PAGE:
In my next life, should I have one, I’m willing to come back as tea. A nice, comforting China black, preferably. Keemuns — Hao Ya — Panyangs — even a Muscatel-fragranced Darjeeling, although I like milk and raw sugar in my tea, usually.
Tea is the perfect metaphor for beginner’s heart. It doesn’t ask anything of you, comforts and lifts, is there whenever you need it. Unlike coffee, it doesn’t jazz you — just a gentle kind of awakening, like the effervescence of good conversation. And unlike alcohol, it can’t be abused. Can never really harm you…
Today, as I made my Panyang Congou, brewed it in a pot bought in another lifetime, poured it out into a cup given me more than 20 years ago, I thought of what I’ve learned from tea. Of the cultures that revere it, built empires on it, drink it w/ every meal.
I thought of drinking mint tea from tiny glasses rimmed in gold, sweetened almost to syrup, w/ women who spoke no English, but who had become dear friends. I remembered how we grew closer as we sipped the scalding hot tea, taking turns telling stories in French. And there were women who sat at my table for 8 years, weaving our lives together over pots of strong black tea, sweetened w/ rough-cut cubes of raw sugar, lightened w/ milk. There was the sweet ice tea of my two grandmothers, the thin jasmine tea of my childhood, the milky cambric tea my sons drank as young children…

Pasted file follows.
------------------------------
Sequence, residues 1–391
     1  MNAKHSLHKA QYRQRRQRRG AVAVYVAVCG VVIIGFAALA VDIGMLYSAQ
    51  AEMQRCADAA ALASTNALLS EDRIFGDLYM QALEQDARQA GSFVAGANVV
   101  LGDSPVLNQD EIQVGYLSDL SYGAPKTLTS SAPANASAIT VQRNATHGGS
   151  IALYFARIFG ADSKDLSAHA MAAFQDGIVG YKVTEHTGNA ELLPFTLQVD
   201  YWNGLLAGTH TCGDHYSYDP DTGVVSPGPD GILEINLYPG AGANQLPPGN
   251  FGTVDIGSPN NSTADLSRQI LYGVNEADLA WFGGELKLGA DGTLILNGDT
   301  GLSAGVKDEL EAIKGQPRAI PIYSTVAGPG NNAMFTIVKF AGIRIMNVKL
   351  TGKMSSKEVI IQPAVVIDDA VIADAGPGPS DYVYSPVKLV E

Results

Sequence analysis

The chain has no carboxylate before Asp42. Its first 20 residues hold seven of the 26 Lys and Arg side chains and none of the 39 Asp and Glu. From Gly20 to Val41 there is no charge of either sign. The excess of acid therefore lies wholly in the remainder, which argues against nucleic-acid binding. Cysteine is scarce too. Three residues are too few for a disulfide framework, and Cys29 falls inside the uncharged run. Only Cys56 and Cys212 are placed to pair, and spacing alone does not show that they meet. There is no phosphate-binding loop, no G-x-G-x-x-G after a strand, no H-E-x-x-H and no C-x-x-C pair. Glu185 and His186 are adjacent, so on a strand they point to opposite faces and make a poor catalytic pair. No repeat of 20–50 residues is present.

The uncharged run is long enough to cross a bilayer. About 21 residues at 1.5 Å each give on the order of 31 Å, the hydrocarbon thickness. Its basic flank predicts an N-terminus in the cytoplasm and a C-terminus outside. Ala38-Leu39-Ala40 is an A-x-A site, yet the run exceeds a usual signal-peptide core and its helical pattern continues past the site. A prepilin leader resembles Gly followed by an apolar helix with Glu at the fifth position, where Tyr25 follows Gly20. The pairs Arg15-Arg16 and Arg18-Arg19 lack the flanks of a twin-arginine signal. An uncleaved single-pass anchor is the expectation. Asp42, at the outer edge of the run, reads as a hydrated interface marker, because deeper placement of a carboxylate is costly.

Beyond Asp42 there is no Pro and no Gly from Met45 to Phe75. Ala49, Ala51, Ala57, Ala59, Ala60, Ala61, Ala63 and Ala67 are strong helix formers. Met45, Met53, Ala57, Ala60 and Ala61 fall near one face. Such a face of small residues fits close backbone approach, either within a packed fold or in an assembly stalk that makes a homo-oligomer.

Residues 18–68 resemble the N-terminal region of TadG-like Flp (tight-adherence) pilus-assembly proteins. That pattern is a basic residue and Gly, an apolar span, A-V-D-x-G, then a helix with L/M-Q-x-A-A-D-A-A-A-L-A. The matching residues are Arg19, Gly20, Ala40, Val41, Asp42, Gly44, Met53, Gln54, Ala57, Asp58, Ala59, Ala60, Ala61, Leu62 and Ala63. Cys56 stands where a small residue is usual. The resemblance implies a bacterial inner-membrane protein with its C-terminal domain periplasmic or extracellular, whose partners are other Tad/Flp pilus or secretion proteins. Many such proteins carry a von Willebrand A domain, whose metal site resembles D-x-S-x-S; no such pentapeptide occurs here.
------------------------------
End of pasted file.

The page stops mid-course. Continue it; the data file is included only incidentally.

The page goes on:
Sometimes there were treats — cookies, cupcakes, the honey sweets of North Africa, the pies and cobblers of Oklahoma. For my children I would make vanilla bread with chocolate butter. Now, I buy chocolate cherry bread for my grandnieces and grandnephew. And they eat it as they drink from their tiny cups of cambric tea.
Each of these was perfect for the time, the setting, the friends and family with whom I shared them. I want to be more like this ~ able to meet my friends, my family, the world, where they are. Offering what they need. With love, warmth and a bit of elegance. Cookies would be nice, too.